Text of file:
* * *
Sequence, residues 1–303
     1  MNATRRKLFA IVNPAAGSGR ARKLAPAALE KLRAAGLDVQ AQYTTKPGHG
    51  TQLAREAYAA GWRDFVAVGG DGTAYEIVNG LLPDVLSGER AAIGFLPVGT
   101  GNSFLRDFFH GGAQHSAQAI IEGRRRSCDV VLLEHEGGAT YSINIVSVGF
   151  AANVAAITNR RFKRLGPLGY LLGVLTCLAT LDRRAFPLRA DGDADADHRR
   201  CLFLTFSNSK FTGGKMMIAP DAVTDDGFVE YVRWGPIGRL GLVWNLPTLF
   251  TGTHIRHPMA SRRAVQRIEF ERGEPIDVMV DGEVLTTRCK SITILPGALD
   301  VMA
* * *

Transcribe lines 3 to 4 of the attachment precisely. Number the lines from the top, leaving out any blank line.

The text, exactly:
    51  TQLAREAYAA GWRDFVAVGG DGTAYEIVNG LLPDVLSGER AAIGFLPVGT
   101  GNSFLRDFFH GGAQHSAQAI IEGRRRSCDV VLLEHEGGAT YSINIVSVGF